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Modern synths for the ages?


Bucktunes

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Now that I've hit 50, it's occurred to me that a new grand piano would certainly outlive me. But what about electronic instruments? In this day of disposable digital keyboards that come and go like old computers, are there modern synths that could still be around and relevant in 30, 40, even 50 years from now?

 

I'm guessing the Minimoog Voyager would be one, since it's fairly mature technology that's not likely to change much. Any other synths that I could buy and happily keep until I "play myself out"? :/

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Steve

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1) Define "relevant".

 

I'd define it as well known, generally well loved, with a distinct sonic character that makes it desirable to both musicians and collectors.

 

2) Any modern electronic synth of reasonable quality will last as long as you choose to take care of it.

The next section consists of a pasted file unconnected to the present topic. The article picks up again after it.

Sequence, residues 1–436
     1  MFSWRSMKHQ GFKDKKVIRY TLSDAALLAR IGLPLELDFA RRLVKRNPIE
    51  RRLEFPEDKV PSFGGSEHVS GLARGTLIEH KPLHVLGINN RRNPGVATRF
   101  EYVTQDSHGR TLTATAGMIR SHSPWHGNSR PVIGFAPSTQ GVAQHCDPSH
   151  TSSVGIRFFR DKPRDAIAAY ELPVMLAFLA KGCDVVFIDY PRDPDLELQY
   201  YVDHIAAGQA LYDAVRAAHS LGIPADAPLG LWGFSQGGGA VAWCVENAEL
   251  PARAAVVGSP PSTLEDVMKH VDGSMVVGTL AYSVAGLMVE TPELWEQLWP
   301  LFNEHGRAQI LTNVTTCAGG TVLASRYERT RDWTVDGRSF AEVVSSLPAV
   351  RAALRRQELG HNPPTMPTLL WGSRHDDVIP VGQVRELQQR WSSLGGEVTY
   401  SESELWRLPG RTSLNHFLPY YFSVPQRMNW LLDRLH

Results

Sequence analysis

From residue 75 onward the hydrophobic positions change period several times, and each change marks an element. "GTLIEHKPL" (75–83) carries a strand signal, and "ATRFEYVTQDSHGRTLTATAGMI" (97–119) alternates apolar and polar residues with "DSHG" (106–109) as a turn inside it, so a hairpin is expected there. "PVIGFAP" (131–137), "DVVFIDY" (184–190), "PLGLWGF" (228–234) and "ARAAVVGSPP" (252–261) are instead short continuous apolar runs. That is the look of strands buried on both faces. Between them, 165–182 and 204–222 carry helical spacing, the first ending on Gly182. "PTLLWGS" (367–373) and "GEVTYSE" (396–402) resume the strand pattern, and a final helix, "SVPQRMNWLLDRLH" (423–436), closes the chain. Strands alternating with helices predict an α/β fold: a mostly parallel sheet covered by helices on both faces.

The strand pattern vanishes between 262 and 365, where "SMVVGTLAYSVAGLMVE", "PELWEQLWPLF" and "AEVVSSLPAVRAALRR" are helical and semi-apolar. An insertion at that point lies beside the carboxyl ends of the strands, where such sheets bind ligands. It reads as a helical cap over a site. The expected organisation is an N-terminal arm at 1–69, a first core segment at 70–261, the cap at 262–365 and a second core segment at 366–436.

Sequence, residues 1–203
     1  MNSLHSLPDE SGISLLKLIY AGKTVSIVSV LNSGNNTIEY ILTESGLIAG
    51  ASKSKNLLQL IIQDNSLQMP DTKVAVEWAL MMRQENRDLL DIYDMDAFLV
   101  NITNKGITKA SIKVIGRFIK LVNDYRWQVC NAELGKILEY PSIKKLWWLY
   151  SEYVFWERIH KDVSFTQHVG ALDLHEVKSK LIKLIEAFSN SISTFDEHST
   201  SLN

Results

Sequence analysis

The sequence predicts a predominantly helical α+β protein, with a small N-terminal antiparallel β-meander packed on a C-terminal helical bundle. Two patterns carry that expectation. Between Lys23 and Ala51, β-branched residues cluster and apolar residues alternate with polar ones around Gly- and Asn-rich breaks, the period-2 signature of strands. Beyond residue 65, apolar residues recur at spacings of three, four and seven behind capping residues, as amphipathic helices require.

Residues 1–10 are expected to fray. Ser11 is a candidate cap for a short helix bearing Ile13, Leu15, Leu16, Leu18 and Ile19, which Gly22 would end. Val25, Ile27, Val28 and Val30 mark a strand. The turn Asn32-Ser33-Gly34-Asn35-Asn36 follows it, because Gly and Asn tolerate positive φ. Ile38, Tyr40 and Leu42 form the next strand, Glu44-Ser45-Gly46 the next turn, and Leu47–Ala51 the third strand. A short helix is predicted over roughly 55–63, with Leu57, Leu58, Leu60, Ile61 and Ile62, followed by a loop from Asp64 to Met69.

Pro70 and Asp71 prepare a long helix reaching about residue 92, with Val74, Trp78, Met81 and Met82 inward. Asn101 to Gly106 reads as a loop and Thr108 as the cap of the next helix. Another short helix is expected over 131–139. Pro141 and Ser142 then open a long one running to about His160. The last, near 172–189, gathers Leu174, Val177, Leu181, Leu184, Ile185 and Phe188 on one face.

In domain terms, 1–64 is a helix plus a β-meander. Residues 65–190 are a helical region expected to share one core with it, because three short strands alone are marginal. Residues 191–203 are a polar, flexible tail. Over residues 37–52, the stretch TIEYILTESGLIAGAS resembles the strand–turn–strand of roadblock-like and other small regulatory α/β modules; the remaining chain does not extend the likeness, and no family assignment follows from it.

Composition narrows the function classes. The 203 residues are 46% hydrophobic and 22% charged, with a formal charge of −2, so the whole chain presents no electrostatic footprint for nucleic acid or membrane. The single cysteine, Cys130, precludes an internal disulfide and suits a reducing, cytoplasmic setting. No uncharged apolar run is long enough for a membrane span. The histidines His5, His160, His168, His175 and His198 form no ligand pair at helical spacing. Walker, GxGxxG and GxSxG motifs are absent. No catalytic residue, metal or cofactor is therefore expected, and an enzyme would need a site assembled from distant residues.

Absolutely. :cool: At least until it breaks, and you find that the cost of fixing it exceeds the practical value of the instrument. My recent experience with my S90 would be what I'm talking about.

 

 

3) Amazingly, some folks have forgotten the crazy 80's when a Minimoog could be had for a song and a DX7 as trade bait.

 

I remember it well! I practically gave away my "obsolete" white faced Odyssey when I got my Prophet 600. :facepalm:

Funny how synths go from cool to outdated, then back to cool again when we realize how good it really was.

 

Which brings me back to my original question - Anybody care to do any crystal ball gazing to predict which keyboards currently on the market will still be considered classics in 20 or 30 years? :snax:

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Steve

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I think nothing completely modern can be considered classic. At least in hardware, repairability will be required for synths to last 30 years more.

 

That means discrete easily replaceable components, non custom. Which lets out all modern hardware.